I thought about all of this when a few days ago SooJin Buzelli contacted me to do an illustration for PlanSponsor's April issue.  The title of the illustration is 'Uppercut' which was about the failure of Lehman Brothers and how that hit the securities lending industry like an uppercut.
If I was ever going to get to paint this memory it was going to likely be for SooJin.

There are a lot of formidable fighters in her gym, I'm just glad to be one of them.
Here is the thumbnail I sketched while thinking of this.  Most punches land and boxers take them well.  An uppercut often lands without being seen so the head has no time to react and prepare and the head can really whip back.  I liked this view but wanted to not see the face of either boxer if possible.  I wanted it to be about the punch.  In this rough I liked the way the spray of sweat looked like the sparks that come from a blacksmith's hammer.
My sketch was just like my finish.  I had a piece of reference that was not perfect but had the basic body positions.  I know this subject well.   In the sketch I tried to pull off the idea of hot iron.
This angle hit the face of the puncher and only gives you the impact to consider.
I thought I might be able to pull off a blur, something I usually avoid but the brightness against the dark made it easy.
Up close the tiny brushwork shows up and looks a bit nutty but I kept then in the same direction to emphasize the fast upward motion of the head.
Thanks to Roberto Parada for pointing out that my uppercut victim looks just like former Lehman CEO Dick Fuld.
Very funny!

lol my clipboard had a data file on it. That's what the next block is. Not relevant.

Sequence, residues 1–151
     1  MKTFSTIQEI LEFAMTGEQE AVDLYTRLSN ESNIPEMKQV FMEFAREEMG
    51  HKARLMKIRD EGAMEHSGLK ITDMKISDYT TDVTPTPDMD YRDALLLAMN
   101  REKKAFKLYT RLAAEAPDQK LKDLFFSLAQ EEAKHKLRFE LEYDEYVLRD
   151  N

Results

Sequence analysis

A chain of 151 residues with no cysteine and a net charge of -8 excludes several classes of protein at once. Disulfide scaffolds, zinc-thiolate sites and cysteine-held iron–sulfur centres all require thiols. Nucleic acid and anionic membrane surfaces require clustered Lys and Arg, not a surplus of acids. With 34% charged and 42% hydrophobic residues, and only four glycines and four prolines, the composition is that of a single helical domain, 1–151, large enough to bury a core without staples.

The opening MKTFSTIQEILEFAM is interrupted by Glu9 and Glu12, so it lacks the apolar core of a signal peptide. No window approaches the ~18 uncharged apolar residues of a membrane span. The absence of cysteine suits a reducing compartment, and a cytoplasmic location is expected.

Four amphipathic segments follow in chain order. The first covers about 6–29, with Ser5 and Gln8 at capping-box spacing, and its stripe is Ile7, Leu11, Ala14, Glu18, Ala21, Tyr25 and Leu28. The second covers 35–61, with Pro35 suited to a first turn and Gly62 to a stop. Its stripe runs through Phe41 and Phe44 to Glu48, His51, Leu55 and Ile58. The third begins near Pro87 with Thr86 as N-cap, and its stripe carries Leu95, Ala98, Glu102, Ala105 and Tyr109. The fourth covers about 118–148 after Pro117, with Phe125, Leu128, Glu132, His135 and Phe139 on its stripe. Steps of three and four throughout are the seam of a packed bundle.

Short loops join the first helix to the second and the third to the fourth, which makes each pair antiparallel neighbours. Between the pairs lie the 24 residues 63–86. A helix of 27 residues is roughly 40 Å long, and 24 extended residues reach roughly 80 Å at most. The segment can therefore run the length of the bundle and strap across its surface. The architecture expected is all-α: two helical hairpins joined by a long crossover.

Whose History?
posted:
This story of the removal of the notion of the separation of church and state in text books in Texas if really alarming.  A far-right faction of the Texas State Board of Education succeeded Friday in injecting conservative ideals into social studies, history and economics lessons that will be taught to millions of students for the next decade.

Teachers in Texas will be required to cover the Judeo-Christian influences of the nation's Founding Fathers, but not highlight the philosophical rationale for the separation of church and state. Curriculum standards also will describe the U.S. government as a "constitutional republic," rather than "democratic," and students will be required to study the decline in value of the U.S. dollar, including the abandonment of the gold standard.
Ultraconservatives wielded their power over hundreds of subjects this week, introducing and rejecting amendments on everything from the civil rights movement to global politics. Hostilities flared and prompted a walkout Thursday by one of the board's most prominent Democrats, Mary Helen Berlanga of Corpus Christi, who accused her colleagues of "whitewashing" curriculum standards.
By late Thursday night, three other Democrats seemed to sense their futility and left, leaving Republicans to easily push through amendments heralding "American exceptionalism" and the U.S. free enterprise system, suggesting it thrives best absent excessive government intervention.
Republican Terri Leo, a member of the powerful Christian conservative voting bloc, called the standards "world class" and "exceptional."

The board rejected lessons about why the United States was founded on the principle of religious freedom”, while adding “references to “laws of nature and nature’s God” in lessons about major political ideas”. Students must study,